You certainly don't need a fancy color-coded system of webbing for top ropes. I can't think of a situation where you have a 30 foot piece, but it won't work unless you cut it to 15 feet. Just neatly coil the extra and tie it off!
Kyle Tarry
From Portland, OR
Joined Mar 5, 2015
96 points
Aug 25, 2016
Rock Climbing Photo: El Potrero Chico
Tim Lau wrote:
Complete newb here... In reading up on building anchors, PAS, auto blocks, etc, I'm seeing a wide range of uses for different length materials. Is it best practice to buy s bunch materials and cut to a variety of lengths before heading out? Or, is it typical to cut as needed on site and just build a stash as you go? I'm assuming that hanging off a cliff is not the opportune moment to whip out sharp objects. What would a decent stash of various length/type of cordage be to get started?

There are knives that are made to clip to a 'biner. Make a fat coil, put a bight through the eye, hang it off the harness or pack it with you. I need to get in the habit of taking webbing with me on long climbs for when I can rig a rappel off a tree, boulder, or part of a rock formation.
Paul Hutton
From Boise, ID
Joined Mar 26, 2012
848 points
Aug 25, 2016
ViperScale wrote:
Do not cut webbing / rope yourself unless you have a hot knife and know what you are doing, if you buy 50ft of webbing and start cutting it with a normal knife you will cause it to fail.



HOW will you cause it to fail??
Squeak
From Perth West OZ
Joined Feb 15, 2016
5 points
Aug 25, 2016
Rock Climbing Photo: El Potrero Chico
ViperScale wrote:
Do not cut webbing / rope yourself unless you have a hot knife and know what you are doing, if you buy 50ft of webbing and start cutting it with a normal knife you will cause it to fail. Generally I just by webbing slings and have 1 small rope that i keep tied together with a double fisherman knot for multipitch bolted anchors.

Whatever you cut webbing or rope with, the material will be the same as it was before you cut it in between the ends lol!
Paul Hutton
From Boise, ID
Joined Mar 26, 2012
848 points
Aug 25, 2016
Rock Climbing Photo: Red Rock
Paul Hutton wrote:
Whatever you cut webbing or rope with, the material will be the same as it was before you cut it in between the ends lol!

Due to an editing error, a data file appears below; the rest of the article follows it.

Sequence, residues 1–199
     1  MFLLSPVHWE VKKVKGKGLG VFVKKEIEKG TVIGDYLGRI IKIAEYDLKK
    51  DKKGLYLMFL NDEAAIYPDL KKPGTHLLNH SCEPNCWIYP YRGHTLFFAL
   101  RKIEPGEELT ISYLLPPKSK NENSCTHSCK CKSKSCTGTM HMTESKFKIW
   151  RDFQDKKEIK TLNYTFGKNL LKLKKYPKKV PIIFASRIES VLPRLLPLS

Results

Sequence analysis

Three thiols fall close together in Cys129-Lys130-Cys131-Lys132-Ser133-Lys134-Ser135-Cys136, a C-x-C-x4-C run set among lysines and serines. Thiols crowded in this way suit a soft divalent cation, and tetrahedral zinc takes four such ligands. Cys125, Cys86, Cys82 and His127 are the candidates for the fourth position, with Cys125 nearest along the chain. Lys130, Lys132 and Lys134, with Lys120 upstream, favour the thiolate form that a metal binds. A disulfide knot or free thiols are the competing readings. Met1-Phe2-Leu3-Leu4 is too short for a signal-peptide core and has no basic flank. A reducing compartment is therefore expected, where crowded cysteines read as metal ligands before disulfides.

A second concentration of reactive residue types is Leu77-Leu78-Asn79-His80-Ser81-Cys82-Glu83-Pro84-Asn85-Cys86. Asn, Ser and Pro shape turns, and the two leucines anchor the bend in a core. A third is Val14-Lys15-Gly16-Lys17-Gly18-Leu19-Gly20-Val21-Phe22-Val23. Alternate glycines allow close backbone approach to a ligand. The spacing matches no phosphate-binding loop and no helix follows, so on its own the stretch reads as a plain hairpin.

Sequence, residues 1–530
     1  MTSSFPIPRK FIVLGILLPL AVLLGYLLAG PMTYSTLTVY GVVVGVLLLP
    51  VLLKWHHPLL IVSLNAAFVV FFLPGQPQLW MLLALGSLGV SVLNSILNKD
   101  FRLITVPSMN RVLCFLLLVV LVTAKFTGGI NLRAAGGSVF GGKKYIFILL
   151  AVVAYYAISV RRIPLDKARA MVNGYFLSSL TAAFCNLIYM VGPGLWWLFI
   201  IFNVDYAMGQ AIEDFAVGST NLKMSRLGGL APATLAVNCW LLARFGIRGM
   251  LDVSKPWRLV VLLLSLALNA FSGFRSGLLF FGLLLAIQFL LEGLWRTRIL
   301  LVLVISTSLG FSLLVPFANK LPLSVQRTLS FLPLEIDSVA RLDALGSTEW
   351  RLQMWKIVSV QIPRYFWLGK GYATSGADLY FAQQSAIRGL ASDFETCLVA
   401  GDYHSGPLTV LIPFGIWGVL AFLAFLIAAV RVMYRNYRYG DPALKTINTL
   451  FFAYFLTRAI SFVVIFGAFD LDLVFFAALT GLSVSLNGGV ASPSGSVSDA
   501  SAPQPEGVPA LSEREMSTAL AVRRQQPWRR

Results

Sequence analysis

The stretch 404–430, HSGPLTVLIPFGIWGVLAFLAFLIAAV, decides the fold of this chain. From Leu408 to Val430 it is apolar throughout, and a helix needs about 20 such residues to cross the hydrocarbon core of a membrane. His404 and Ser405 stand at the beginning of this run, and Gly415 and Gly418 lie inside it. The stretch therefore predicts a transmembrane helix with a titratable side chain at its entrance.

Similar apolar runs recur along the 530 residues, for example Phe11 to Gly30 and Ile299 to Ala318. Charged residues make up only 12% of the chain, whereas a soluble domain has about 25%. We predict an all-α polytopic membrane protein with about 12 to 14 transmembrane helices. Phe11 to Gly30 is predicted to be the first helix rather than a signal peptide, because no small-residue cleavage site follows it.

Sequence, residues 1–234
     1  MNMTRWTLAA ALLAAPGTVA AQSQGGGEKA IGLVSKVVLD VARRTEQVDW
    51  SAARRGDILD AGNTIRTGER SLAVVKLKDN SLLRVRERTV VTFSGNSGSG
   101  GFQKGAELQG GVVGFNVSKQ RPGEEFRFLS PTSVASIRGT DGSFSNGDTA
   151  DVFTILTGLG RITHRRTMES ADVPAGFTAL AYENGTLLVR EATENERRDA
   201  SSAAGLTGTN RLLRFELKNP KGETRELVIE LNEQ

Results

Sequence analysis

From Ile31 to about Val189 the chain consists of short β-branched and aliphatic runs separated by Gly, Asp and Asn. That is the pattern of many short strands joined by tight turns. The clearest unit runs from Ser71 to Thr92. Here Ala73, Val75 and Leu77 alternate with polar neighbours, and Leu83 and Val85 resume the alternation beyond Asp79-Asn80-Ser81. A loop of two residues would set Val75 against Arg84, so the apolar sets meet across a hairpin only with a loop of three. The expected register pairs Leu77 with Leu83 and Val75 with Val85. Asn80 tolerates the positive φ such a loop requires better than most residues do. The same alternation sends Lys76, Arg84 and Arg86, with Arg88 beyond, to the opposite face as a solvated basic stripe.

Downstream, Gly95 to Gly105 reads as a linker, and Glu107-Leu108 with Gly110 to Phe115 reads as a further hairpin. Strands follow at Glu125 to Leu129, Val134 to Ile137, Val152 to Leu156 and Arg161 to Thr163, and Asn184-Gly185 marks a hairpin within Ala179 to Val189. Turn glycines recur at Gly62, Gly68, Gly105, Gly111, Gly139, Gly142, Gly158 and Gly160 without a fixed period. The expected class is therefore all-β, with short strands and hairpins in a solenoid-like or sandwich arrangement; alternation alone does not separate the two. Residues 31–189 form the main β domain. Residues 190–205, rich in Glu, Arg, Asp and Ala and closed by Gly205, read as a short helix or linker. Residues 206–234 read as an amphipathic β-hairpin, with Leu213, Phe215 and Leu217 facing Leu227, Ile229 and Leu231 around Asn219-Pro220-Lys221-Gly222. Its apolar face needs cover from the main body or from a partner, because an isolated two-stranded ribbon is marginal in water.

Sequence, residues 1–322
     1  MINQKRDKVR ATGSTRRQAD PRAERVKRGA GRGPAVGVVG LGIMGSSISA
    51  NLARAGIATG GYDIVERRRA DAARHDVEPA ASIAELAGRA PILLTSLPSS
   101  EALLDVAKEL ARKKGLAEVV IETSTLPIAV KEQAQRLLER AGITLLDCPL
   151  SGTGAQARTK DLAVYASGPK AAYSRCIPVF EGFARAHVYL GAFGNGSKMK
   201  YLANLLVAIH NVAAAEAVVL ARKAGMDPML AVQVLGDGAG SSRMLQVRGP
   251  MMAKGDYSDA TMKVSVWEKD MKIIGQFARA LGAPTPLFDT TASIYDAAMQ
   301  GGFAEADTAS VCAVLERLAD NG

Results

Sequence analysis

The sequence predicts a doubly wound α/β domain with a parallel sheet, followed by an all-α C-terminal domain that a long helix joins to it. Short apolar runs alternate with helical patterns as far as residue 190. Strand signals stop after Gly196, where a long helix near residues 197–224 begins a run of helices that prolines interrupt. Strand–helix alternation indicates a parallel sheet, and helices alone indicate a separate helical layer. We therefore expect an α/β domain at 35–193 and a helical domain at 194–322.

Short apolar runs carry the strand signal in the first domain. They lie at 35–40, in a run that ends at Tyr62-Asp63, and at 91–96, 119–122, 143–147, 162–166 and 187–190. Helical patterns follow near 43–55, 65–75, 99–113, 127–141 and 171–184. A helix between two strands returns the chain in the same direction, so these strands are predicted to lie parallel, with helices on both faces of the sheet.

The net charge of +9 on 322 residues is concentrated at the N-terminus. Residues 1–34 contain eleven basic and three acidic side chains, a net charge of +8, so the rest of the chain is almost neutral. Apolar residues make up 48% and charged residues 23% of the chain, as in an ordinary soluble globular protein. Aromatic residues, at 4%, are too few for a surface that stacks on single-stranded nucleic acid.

Webbing isn't as big a deal since you can see it unraveling but if you don't seal the end on a rope correctly the core could unravel where you can't see it.
ViperScale
Joined Dec 22, 2013
201 points
Aug 26, 2016
Rock Climbing Photo: High Exposure
BTW, if you cut your webbing at an angle instead of straight across it's a bit easier to thread when you tie your water knots. wivanoff
Joined Mar 3, 2012
409 points
Aug 26, 2016
I also like the visual management: using a certain color for certain lengths of slings. I find it easier for me to tell someone to grab 2x red slings vs grab 2x double length slings. I keep mine coiled up on a biner and clipped to my gear sling.


Im a gear whore and here is my set-up.

Slings:
yellow - single length slings
red - double length slings
blue - triple length slings
white - dyneema triple length (for multi-pitch to help unload an ATC)
Super short red - about a 6in loop - this one is always clipped to my atc for extending my rappel device. I am changing it to green when I find one. its not at risk for getting mixed up as its always clipped to the atc.

Cord:
yellow - 7mm cordelette
orange - 6mm prusik loop
Daniel T
From Riverside, Ca
Joined Mar 19, 2015
17 points
Aug 27, 2016
Rock Climbing Photo: Climb of an easy water ice route near Colorado Spr...
Back to TOPROPE, always take your gear with you when you leave. In the case of rap station building, consider the advice in this thread:

mountainproject.com/scripts/mo...

More advanced stuff in that link. Take your time learning with advanced climbers or guides. The takeaway from the link is: if leaving a loop behind as a rap anchor, always use natural colors or black webbing.
Faulted Geologist
From Lawrence, KS
Joined Jan 7, 2015
161 points